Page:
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# Basic Concepts of Probability and Statistics in the Law Michael O. Finkelstein

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## Summary

When as a practicing lawyer I published my ?rst article on statistical evidence in 1966, the editors of the Harvard Law Review told me that a mathematical equa- 1 tion had never before appeared in the review. Columbia Law School, where I teach, has a professor of law and epidemiology and other law schools have similar "law and" professorships.

## Basic Concepts of Probability and Statistics in the Law Summary

### Basic Concepts of Probability and Statistics in the Law by Michael O. Finkelstein

When as a practicing lawyer I published my ?rst article on statistical evidence in 1966, the editors of the Harvard Law Review told me that a mathematical equa- 1 tion had never before appeared in the review. This hardly seems possible - but if they meant a serious mathematical equation, perhaps they were right. Today all that has changed in legal academia. Whole journals are devoted to scienti?c methods in law or empirical studies of legal institutions. Much of this work involves statistics. Columbia Law School, where I teach, has a professor of law and epidemiology and other law schools have similar "law and" professorships. Many offer courses on statistics (I teach one) or, more broadly, on law and social science. The same is true of practice. Where there are data to parse in a litigation, stat- ticians and other experts using statistical tools now frequently testify. And judges must understand them. In 1993, in its landmark Daubert decision, the Supreme Court commanded federal judges to penetrate scienti?c evidence and ?nd it "re- 2 liable" before allowing it in evidence. It is emblematic of the rise of statistics in the law that the evidence at issue in that much-cited case included a series of epidemiological studies. The Supreme Court's new requirement made the Federal Judicial Center's Reference Manual on Scienti?c Evidence, which appeared at about the same time, a best seller. It has several important chapters on statistics.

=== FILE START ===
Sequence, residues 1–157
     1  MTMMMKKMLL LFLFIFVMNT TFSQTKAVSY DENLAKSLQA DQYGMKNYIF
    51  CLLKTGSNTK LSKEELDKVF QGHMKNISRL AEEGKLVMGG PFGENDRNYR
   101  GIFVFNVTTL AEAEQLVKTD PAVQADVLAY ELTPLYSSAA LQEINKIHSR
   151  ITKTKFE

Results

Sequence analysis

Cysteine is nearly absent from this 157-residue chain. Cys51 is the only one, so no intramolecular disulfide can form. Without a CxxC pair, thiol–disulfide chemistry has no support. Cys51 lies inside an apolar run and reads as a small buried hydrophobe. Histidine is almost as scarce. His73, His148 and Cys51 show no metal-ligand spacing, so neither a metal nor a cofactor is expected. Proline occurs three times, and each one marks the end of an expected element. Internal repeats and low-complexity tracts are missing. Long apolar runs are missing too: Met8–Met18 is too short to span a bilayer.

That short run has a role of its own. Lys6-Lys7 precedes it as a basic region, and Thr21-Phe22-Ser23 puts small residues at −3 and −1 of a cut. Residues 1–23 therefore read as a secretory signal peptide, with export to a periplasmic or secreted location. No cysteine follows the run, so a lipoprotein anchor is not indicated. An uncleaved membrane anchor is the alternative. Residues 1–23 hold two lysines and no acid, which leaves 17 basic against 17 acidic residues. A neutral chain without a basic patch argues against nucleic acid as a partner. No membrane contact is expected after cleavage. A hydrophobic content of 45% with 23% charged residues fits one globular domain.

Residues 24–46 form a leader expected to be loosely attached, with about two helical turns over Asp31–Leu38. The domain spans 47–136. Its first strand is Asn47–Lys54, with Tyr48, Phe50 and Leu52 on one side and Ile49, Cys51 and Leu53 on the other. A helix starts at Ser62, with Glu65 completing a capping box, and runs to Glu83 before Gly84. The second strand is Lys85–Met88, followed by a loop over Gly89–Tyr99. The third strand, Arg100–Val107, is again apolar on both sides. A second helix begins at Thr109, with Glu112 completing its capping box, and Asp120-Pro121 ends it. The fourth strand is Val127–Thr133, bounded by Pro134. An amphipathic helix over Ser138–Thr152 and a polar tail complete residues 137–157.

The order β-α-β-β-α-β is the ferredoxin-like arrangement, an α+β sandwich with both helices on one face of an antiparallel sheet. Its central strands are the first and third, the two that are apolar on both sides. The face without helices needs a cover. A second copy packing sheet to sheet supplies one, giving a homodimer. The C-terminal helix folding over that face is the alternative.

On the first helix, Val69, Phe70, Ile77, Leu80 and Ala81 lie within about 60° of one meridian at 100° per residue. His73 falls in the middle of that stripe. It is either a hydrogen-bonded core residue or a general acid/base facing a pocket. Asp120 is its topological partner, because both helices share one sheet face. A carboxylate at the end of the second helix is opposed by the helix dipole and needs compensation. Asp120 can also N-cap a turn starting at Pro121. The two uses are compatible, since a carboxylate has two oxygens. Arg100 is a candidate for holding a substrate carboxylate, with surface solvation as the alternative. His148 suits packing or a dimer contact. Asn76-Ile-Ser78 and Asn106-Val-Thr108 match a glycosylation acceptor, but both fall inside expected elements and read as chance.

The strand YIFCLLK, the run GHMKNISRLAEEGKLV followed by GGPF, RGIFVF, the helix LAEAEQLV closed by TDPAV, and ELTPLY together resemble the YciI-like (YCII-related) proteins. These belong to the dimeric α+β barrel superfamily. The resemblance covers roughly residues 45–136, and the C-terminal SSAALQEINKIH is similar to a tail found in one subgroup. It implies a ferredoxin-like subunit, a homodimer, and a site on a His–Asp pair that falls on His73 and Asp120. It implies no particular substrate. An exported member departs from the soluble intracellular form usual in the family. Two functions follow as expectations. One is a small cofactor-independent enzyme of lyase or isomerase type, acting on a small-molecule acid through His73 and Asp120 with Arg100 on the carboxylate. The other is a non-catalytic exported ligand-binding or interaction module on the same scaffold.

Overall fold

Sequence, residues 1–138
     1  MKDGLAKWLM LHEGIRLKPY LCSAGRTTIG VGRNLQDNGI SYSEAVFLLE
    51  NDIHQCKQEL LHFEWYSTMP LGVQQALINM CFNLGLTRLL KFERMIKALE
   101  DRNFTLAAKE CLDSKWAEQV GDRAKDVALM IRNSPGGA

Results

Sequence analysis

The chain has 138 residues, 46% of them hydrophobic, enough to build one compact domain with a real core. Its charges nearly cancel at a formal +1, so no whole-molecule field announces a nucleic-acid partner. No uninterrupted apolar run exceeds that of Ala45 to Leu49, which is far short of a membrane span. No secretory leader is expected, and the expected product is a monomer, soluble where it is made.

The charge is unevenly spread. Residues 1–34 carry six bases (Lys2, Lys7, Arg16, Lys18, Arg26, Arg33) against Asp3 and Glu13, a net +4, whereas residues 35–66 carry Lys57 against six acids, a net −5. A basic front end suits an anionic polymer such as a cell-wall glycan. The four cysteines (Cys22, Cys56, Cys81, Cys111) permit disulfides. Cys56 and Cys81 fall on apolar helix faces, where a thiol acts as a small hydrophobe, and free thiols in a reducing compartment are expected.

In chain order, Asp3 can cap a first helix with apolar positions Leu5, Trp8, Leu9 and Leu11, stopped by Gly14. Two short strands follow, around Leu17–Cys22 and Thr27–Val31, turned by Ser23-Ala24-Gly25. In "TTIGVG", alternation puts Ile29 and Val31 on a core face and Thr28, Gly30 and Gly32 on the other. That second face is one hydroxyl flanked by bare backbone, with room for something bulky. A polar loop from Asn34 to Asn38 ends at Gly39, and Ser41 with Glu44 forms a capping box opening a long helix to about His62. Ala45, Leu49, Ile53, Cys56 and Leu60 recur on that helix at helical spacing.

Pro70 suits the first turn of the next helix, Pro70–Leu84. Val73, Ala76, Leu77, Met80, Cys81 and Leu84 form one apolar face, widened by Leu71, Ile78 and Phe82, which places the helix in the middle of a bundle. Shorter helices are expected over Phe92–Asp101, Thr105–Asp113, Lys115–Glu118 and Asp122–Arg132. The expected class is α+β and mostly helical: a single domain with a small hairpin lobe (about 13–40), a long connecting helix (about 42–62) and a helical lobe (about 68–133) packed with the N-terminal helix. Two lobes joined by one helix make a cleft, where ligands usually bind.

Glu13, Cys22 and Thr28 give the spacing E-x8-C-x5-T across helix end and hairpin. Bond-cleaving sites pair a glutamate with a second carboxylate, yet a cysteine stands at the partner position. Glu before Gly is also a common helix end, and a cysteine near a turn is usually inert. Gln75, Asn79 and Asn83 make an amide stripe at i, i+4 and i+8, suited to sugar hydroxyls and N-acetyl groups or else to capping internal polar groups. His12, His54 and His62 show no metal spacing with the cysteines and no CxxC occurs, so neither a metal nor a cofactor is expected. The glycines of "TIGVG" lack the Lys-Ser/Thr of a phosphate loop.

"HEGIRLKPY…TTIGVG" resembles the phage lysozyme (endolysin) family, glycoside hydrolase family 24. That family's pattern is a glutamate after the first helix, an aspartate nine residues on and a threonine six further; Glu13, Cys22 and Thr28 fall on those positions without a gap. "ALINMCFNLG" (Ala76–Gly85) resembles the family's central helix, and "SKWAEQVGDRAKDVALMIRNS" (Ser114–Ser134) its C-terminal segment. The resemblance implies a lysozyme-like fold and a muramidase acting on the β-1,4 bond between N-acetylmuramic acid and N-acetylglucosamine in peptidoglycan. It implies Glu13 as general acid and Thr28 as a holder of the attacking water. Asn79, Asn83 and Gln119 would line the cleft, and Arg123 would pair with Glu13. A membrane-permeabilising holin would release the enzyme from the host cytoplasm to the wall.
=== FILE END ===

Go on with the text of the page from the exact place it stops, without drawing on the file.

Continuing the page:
## Basic Concepts of Probability and Statistics in the Law Reviews

From the reviews:

"...A 'shorter and mathematically less challenging' version of an earlier co-authored book, Statistics for Lawyers. ...Full of legal argument and counter-argument forensically dissected by the author. ...The book requires concentration but is fun to read. ...Presents an excellent treatment of a fascinating field." (International Statistical Review, 2010, 78, 1, 134-159)

"This work is a good introductional textbook on statistics and probability for lawyers. ... The book contains ... many examples (sometimes with numerical data and simple calculations) of courts decisions and discussions of real life causes. ... Special attention is paid to the statistical meaning of DNA-testing procedures, analysis of epidemiologic data and discrimination causes." (R. E. Maiboroda, Zentralblatt MATH, Vol. 1173, 2009)

"Basic Concepts of Probability and Statistics in the Law (BCPSL) is an introduction to our discipline for law students and lawyers who want to understand basic statistics and how statistics are used in legal cases. ... BCPSL contains some new cases and was a fun and much faster read. ... students would enjoy and learn from BCPSL. ... a good choice for someone who has already had a basic statistics course or as complementary reading in an introductory course." (Dalene Stancl, Journal of the American Statistical Association, Vol. 106 (493), March, 2011)

"The author, a lawyer by training, wrote this book as a more accessible ... version of his more comprehensive book on the topic, Statistics for Lawyers (2000). This slimmer version of the more comprehensive book makes for a quick, enlightening read. While this book was written primarily for law students, it can be understood by those with formal statistical training who want to understand an area of application of statistical concepts. ... statistician or student of statistics would be able to benefit from this book." (Willis A. Jensen, Technometrics, Vol. 52 (4), November, 2010)

Probability.- Descriptive Tools.- Compound Events.- Significance.- Random Variables and Their Distributions.- Confidence.- Power.- Sampling.- Epidemiology.- Combining the Evidence.- Regression Models.- Regression Models - Further Considerations.

NLS9780387875002
9780387875002
038787500X
Basic Concepts of Probability and Statistics in the Law by Michael O. Finkelstein
New
Paperback
Springer-Verlag New York Inc.
2009-06-11
174
N/A
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